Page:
Blade: But I’m just kind of getting at — you’re kind of minimizing that this is a strategic move by Putin, but if he were to successfully dominant Ukraine it becomes a Russian satellite isn’t that saying like, “Well, ha ha West, you thought the Cold War was over and there’s going to be just be a unipolar world in the future but no, we’re gonna we have this we’re back and we’re gonna create a multipolar world for the future.”

Baer: Yeah, I mean, my answer to the Russians who always raise the multipolar world to me is, “Fine, it’s going to be a multipolar world. What makes you think that Russia is one of the poles?” Poles by definition draw people to them, they are compelling and a pole attracts, magnetically or otherwise, and there is nothing attractive about the model that Russia is pursuing. And if the only way that you can be a pole is by subjugating, to force your neighbors, you are proving that you are not one.

I think the benefits for Russia are far smaller than Putin thinks and I think the consequences for the rest of the world of allowing a violation of international order to go forward are much larger than many people recognize.

Blade: But that was their approach when they were the Soviet Union. They were subjugating the Eastern Bloc through Russian force. They did have, in theory, the concept of their worldview of you know, of socialism, or whatever you want to put it charitably, was going to be the right way to go. Is there really that much of a difference?

Baer: Yeah, however disingenuous it was, they did have an ideology . So you’re right, that was a key distinction. The other thing is that the Soviet Union in relative size — its economy and population etc. — was much larger than Russia is today. And Russia is shrinking, and its economy is less diverse than the Communist one was. I think it’s a delusion to think that they’re going to kind of rebuild an empire, even if yes, because of their willingness to do awful things, they could potentially for a time politically control through violence, their neighbors. I just don’t — in a multipolar world, I don’t see Russia being one of the poles, at least not on its current path.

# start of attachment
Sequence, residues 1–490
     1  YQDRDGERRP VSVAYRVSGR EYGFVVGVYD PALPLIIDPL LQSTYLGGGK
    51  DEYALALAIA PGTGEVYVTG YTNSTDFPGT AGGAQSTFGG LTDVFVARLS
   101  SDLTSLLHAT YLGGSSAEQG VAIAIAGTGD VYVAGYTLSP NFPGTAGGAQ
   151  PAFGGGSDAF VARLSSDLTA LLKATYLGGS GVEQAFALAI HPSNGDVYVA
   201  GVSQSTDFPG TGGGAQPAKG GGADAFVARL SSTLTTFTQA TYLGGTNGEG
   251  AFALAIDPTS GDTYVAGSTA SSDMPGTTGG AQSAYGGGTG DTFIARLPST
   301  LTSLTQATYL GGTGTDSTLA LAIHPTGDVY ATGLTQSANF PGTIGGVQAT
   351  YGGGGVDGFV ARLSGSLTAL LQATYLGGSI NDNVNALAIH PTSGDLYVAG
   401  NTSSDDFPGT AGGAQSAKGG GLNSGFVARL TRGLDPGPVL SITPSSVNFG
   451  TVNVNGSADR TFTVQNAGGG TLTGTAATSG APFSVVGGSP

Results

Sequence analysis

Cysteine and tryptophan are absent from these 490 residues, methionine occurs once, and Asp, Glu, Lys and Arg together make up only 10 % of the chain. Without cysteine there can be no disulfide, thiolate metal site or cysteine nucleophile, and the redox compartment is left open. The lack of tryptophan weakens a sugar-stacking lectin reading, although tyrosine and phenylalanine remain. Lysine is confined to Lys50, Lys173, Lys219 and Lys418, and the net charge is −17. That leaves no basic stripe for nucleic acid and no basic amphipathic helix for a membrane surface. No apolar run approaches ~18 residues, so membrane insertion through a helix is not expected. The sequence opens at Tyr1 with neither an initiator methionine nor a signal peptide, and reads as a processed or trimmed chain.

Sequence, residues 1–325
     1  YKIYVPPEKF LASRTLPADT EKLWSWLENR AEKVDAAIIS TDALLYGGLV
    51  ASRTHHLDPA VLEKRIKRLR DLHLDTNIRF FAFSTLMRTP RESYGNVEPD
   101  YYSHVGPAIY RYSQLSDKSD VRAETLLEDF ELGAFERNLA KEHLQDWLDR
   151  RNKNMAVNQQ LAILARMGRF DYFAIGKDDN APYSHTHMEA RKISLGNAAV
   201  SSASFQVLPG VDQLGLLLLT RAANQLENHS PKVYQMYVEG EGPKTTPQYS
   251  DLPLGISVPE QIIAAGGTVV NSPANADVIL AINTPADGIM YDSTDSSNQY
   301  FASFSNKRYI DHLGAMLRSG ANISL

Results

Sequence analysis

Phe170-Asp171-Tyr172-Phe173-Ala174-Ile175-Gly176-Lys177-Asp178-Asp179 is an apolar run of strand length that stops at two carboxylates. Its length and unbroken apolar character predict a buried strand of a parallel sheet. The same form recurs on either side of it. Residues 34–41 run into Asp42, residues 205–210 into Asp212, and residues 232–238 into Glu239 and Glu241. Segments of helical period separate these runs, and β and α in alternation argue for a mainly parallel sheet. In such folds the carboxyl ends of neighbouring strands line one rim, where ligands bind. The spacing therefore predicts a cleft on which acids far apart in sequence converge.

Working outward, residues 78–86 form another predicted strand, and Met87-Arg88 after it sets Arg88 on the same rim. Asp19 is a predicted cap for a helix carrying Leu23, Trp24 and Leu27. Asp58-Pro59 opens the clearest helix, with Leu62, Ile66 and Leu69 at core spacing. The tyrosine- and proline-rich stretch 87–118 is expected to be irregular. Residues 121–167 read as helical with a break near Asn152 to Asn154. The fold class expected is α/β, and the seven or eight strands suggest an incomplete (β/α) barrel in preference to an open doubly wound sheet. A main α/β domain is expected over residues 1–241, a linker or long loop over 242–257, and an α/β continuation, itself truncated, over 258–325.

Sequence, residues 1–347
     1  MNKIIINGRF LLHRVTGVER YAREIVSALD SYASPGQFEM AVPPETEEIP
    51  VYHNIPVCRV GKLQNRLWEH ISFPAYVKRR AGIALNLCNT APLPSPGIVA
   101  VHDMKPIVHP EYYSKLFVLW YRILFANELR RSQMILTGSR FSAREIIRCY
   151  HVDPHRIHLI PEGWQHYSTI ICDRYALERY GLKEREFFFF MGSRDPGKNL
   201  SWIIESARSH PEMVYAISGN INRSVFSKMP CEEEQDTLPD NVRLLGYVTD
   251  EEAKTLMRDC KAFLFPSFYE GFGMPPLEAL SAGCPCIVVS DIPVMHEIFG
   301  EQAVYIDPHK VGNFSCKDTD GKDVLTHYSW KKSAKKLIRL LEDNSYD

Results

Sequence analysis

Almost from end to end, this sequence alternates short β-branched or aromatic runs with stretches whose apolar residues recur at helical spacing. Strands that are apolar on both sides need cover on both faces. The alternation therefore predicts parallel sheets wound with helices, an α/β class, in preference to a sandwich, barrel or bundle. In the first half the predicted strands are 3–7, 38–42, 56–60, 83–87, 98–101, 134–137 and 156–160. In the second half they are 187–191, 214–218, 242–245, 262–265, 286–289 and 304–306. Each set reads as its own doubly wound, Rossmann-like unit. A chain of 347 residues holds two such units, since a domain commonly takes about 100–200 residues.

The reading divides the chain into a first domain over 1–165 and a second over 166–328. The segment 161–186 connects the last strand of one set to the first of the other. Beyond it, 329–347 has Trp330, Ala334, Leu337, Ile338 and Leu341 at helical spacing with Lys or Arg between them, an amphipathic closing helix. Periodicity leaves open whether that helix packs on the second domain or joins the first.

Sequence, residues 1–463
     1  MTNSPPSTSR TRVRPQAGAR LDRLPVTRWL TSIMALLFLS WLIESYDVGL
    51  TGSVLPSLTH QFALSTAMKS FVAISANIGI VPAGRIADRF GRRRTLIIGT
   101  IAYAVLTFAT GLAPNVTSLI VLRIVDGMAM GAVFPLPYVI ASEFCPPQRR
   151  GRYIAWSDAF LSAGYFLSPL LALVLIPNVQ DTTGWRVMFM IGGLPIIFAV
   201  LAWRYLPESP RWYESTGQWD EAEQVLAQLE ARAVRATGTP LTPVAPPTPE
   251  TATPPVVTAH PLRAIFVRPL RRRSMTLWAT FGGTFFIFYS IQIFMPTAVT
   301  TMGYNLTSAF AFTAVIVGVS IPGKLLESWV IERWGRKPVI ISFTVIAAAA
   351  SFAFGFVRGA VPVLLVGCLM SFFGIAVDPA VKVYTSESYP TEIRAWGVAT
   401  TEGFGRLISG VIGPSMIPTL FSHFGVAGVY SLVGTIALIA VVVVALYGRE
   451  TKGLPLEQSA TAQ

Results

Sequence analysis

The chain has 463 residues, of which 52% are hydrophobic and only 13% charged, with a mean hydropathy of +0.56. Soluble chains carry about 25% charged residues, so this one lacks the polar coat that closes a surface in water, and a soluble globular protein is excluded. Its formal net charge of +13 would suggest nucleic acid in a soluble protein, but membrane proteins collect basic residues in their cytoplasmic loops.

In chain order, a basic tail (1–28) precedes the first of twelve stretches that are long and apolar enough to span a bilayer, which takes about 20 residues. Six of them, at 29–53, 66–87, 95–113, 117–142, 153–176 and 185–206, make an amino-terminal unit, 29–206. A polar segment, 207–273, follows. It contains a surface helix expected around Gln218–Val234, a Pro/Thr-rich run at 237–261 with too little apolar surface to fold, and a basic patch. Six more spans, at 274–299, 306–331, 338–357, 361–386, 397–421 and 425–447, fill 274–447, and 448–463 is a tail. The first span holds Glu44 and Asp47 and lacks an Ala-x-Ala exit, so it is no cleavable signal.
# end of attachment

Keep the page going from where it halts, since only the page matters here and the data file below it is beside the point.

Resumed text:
Blade: How would you evaluate the U.S. diplomatic approach to this issue?

Baer: There’s been very clear over-the-top effort to include the Europeans at every step — meetings with them before each meeting and after each meeting, to force conversations into fora that are more inclusive and stuff like that. And I think that Secretary Blinken is rightly recognizing the need to kind of play a role of kind of keeping everybody on the side while we test whether diplomacy whether there’s anything to do, whether there’s any promise with diplomacy.

I think there’s kind of, sometimes kind of, two camps in U.S. foreign policy circles. One is like: We should give the Russians what they want because it just doesn’t matter that much. War is much worse than anything that we would give them. And another is that we can’t give them an inch and we have to punch them in the face whenever we can. And I think both of those are kind of knee-jerk positions that have become a bit religious for people and neither of them is paying attention to the practical challenge that’s in front of the administration, which is like this guy’s threatening to invade and we need to identify whether there’s any opportunity for a functional off ramp, and that doesn’t mean we do that in a vacuum and ignore the long-term consequences, but our problem is not a religious one, it’s a practical one. And I think they’re doing a pretty good job of threading the needle on that and being not too far forward and not too far back.

Blade: Do you see any significant daylight between the United States and Europe?

Baer: No, I mean, no more than the minimum that is possible. There’s a lot of talk about Germany these days. Look, I think some of the things they say are not particularly helpful, but I don’t actually think that in the long run, if Putin invaded, I don’t think that they would hold up sanctions or anything like that. So I think they’re on our side, even if they’re talking out of both sides, in some cases.